I haven’t looked at a spiel from Michael Robinson in quite some time, so when a few readers forwarded his latest pitch for the Nova-X Report I thought I’d take a quick look for you. That newsletter, which is currently being sold for $99, is getting the hype treatment with his pitch about marijuana investing, like most other growth-focused newsletters who don’t want to miss the boat, but the article I saw hinted at some of the “regular” investments in his portfolio… so that’s what we’re going to look for today.
The marijuana part of the ad, by the way, does not really hint at his current recommendations (the ad part is from December, anyway, so it’s getting a bit long in the tooth)… but the hinting in his current “article” is from just the past week, so perhaps it will give some real idea of what he’s recommending now.
And yes, for those who are asking, I continue to not dip my toes into marijuana investing — not because I’m against legalization, or because I have a moral objection (I’d say it’s about the same as alcohol, and should be treated similarly), but because so many of the companies are ridiculous story stocks that skyrocket by 1,000% and then fall by 99%. There is little fundamental basis for most of these stocks, and marijuana is a plant that’s pretty easy to grow just about anywhere… which means it’s a commodity where the prices should fall dramatically as legal production ramps up.
There are a few stocks that have begun to develop brands that might remain compelling and valuable, like Canopy Growth in Canada (WEED.TO, TWMJF), and I’d probably look at those first if I were inclined to put a lot of time into these stocks… but I’d have to understand the market a lot better in order to justify valuing even that market leader at a billion dollars when they have only $20 million in revenue. Even if they get up to $100 million in revenue in a year or two, as is possible, that’s hard to stomach for a company that actually has to invest in facilities and grow plants and process marijuana and distribute and sell it — this is not a particularly high margin business, and it should be fairly expensive to scale it up unless you’re going to grow outside and start using big agriculture’s industrial farming techniques.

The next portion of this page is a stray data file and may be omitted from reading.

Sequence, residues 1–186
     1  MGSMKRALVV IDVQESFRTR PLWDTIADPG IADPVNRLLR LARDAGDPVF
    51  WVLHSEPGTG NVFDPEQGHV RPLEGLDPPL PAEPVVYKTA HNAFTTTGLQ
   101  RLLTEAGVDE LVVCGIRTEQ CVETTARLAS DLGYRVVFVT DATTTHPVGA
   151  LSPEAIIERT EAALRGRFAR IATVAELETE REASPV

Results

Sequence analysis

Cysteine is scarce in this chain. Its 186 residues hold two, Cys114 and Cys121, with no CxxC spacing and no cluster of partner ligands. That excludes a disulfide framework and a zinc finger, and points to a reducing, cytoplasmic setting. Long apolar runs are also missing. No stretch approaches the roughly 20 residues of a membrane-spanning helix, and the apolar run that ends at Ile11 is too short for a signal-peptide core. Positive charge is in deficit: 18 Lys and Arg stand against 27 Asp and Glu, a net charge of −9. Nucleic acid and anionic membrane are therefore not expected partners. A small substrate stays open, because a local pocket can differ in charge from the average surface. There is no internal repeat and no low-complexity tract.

So perhaps others will enjoy the “real” companies like Canopy, and while I’m not buying I wouldn’t try to talk you out of researching them… but I have no interest at all in looking at the dozens of micro-companies that have no real business, no brand, no unique product or meaningful revenue or anything else to distinguish them, and just add the word “cannabis” or “marijuana” to their letterhead. Those stocks have had 1,000%+ runs a couple times as well, but almost all of them have given up those gains almost as quickly — a 20 cent stock that goes to $7 is exciting, but not if you’re the sucker who was convinced by the growth move to buy it and purchased at $4 on the way up and wasn’t nimble enough to sell before it fell back down to 20 cents. Those stories repeat over and over in marijuana-world, they happened each of the times there was a major legalization vote (Colorado a few years ago, California this past year, etc.), and those companies really have no “there” there, betting on one of the teensies to be a survivor is a bet with very, very long odds, even if you’re not worried about the US Federal Government cracking down on marijuana again. That doesn’t mean everyone should avoid them — some people like long odds gambling and see the huge potential reward as fair compensation for the strong likelihood of a 99% loss, but I don’t like to spend a lot of time researching or writing about ideas like that.
Most marijuana microcaps and startups and penny stocks are not investments, they’re speculative thrill rides — and those can be fun and I wouldn’t begrudge you playing with them if you have money to risk, but, despite what they told you about keeping your hands and feet inside the car at all times when you were a kid on the roller coaster, you should always remember to unbuckle and jump out of the car whenever you see it starting to go down. Companies that are trading just on speculation and sentiment have no clear fundamental basis for any particular stock price (like revenue, or even revenue growth, or earnings, or assets), and that means they tend to have no floor when sentiment shifts and they start going down.
So that’s my long way of saying I’m not going to try to ID whatever pot stocks Robinson was teasing back in December, but I will try to identify the stocks he’s teasing today. Here’s a bit of his pitch…
“How to Beat the Market by Ninefold…
“Here’s the thing Wall Street doesn’t want you to know: This remains a stock picker’s market.
“See, as far as the Street is concerned, they’d be happy if you’d just be “passive” – and stick all your money in market-tracking mutual funds or ETFs. Of course, if you’re a bit of a bigger “whale,” they’re happy to charge you a bundle for their analysts’ mediocre “buy” and “sell” advice.
“But if you did that, you’d be leaving a lot of money on the table.
“You see, having the right tech investing guide could help you beat